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Open threads

Jun 30, 2009

Open thread 30 June ‘09

We love having you comment here at Pure Poison but it’s a little bit difficult for discussion to continue uninterrupted on specific posts when off-topic comments land in the middle of

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40 comments

40 thoughts on “Open thread 30 June ‘09

  1. GavinM

    Marek and Zoot,

    I just put the words in the search bar.

    I don’t know how many links I can put in one post – here’s a couple, there are many more and I’m not convinced that they would all be lying:

    http://www.nypost.com/seven/01252008/gossip/pagesix/chavez_bares_daily_dope_fix_450325.htm

    http://www.indepthinfo.com/hugo-chavez/president-chavez.htm

    To be honest, wether the reports of him shutting down newspapers are true or not doesn’t make much difference — the fact is that he is a dictator who is trying to ensure that he stays in power for as long as he wishes to. His tampering with Venezuela’s constitution is ample evidence of this as is his government’s confiscation/appropriation of private property and industry.

    Once again I’m happy to judge him by those with whom he chooses to associate, Mugabe, Kim Il Jung, Castro, Ahmadinejad – as the old saying goes “birds of a feather….”

    This doesn’t talk about shutting down news outlets, but an interesting article about those Chavez supports — I really would look for someone else to admire if I were you:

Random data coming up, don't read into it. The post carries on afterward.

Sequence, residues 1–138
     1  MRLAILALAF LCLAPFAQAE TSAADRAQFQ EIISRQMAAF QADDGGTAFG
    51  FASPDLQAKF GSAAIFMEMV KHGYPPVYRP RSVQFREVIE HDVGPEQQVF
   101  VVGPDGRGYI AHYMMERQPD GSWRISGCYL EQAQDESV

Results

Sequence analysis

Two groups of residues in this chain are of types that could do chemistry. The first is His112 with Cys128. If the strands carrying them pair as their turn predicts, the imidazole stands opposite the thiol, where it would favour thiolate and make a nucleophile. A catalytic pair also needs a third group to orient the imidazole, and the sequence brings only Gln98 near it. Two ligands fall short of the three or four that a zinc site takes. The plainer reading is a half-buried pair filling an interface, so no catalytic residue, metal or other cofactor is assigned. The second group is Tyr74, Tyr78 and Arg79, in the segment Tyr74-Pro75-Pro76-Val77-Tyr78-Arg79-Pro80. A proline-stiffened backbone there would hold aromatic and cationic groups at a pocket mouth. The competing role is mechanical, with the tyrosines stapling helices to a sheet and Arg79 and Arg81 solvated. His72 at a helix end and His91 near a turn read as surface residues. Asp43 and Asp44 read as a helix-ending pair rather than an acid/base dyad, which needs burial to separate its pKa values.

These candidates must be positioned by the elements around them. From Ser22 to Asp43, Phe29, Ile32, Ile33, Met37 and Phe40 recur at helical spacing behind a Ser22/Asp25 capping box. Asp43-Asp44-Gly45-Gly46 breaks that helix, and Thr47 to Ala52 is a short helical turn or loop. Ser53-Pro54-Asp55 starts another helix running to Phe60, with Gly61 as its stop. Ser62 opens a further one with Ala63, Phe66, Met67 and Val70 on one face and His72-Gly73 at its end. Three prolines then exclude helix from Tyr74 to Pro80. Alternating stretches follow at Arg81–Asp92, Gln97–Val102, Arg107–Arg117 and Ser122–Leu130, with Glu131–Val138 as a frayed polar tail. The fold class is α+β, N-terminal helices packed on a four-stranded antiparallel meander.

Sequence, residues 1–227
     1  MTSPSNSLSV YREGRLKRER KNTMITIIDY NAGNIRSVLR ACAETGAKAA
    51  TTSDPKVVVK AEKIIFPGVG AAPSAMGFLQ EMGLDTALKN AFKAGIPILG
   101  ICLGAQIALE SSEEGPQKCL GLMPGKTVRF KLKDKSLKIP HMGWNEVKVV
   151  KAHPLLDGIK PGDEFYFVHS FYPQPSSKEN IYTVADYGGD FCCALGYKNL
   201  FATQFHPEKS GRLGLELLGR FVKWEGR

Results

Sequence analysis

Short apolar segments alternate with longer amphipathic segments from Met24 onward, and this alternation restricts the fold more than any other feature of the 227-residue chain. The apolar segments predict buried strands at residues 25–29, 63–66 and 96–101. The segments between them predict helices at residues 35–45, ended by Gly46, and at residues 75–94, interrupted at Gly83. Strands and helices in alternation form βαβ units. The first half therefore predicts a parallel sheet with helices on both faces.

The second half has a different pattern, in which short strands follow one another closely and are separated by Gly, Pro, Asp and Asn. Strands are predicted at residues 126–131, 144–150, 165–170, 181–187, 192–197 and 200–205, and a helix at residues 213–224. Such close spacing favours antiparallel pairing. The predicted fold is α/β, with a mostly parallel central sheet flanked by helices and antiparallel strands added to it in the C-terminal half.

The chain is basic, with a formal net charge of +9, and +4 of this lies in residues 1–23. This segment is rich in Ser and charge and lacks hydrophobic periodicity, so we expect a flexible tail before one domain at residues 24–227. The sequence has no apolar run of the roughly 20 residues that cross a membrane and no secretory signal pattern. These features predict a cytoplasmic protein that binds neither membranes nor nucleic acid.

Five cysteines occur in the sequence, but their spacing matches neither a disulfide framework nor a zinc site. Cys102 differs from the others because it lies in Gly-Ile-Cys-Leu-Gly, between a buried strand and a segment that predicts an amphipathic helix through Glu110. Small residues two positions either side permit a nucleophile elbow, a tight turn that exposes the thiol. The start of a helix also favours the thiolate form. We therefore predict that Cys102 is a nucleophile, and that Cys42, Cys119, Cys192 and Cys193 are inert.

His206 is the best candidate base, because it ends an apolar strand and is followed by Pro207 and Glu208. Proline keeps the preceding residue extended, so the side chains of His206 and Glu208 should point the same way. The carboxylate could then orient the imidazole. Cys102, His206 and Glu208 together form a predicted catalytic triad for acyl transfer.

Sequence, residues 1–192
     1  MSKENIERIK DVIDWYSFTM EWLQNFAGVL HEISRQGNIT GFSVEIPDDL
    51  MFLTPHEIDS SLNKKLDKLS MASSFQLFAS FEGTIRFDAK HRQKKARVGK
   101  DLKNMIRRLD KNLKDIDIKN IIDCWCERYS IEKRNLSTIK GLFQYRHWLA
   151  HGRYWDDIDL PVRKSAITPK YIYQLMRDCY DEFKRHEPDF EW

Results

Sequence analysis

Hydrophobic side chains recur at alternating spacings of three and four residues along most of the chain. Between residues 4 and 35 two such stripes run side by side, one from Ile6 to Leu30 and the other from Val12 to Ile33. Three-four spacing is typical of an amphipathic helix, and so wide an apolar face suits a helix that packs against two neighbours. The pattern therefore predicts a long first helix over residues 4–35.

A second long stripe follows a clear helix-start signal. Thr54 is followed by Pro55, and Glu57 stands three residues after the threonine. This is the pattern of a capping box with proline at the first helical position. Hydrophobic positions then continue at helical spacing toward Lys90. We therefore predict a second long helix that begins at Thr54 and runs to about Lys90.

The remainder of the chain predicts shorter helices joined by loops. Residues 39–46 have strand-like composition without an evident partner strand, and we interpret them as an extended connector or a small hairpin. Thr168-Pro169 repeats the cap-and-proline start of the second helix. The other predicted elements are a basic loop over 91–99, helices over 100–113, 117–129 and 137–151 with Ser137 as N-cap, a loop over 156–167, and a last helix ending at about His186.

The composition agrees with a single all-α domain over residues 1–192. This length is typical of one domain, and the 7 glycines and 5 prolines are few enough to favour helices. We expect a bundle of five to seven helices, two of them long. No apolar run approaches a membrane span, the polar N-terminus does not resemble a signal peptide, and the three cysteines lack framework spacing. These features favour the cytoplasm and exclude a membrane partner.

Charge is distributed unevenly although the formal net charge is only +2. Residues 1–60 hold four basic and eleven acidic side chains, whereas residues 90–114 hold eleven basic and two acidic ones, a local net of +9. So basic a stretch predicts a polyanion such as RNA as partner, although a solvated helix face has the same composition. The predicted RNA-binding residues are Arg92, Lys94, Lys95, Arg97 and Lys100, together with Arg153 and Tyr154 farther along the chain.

http://www.worldnetdaily.com/news/article.asp?ARTICLE_ID=30350

  2. GavinM

    Hi Marek,

    All I can say is that there’s ample evidence around of RCTV being shutdown, here’s another link, there are plenty more but I can’t post all of them:

    http://www.talkleft.com/story/2007/5/29/83342/8775

    If its back on air again now, I wonder if it is broadcasting the same format as it did before — not being familiar with Venezuelan TV I can’t say, but I have my doubts.
    The article you linked is interesting, but looking further into the website of the author, I have questions about his political leanings as well — he’s an admirer of Chomsky for a start, so I would hesitate to give his opinion any more weight than I would those of the writers of any other article on Chavez.

    I don’t know why you couldn’t find any references to Chavez closing newspapers down, I just typed in “chavez closes newspapers” and did a bit of page scrolling.

    Wether I like Chavez or not is irrelevant really, I think he can be judged according to those who praise him and whom he praises in return – Mugabe, Castro, Kim Il Jong, Ahmadinejad – need I say more ?

    As to Zelaya and the situation in Honduras, unfortuneately the reporting here seems to be pretty light on and I haven’t had time to look too deeply into it — as I said I read that he tried to meddle with the Constitution and the Supreme Court requested that the army remove him, so I’m not sure how much support he has or wether those protesting are representative of the majority of people or if they are just his hardcore supporters…It’s a disturbing sign that the interim President is shutting down the media, but then again I haven’t professed any support for him and it may well be that a wannabe Right-wing dictator is attempting to replace a wannabe Left-wing one — nothing much ever changes in Latin America it seems.

  3. Marek Bage

    Hey GavinM

    Do you mean Radio Caracas Tele Vision?
    This station?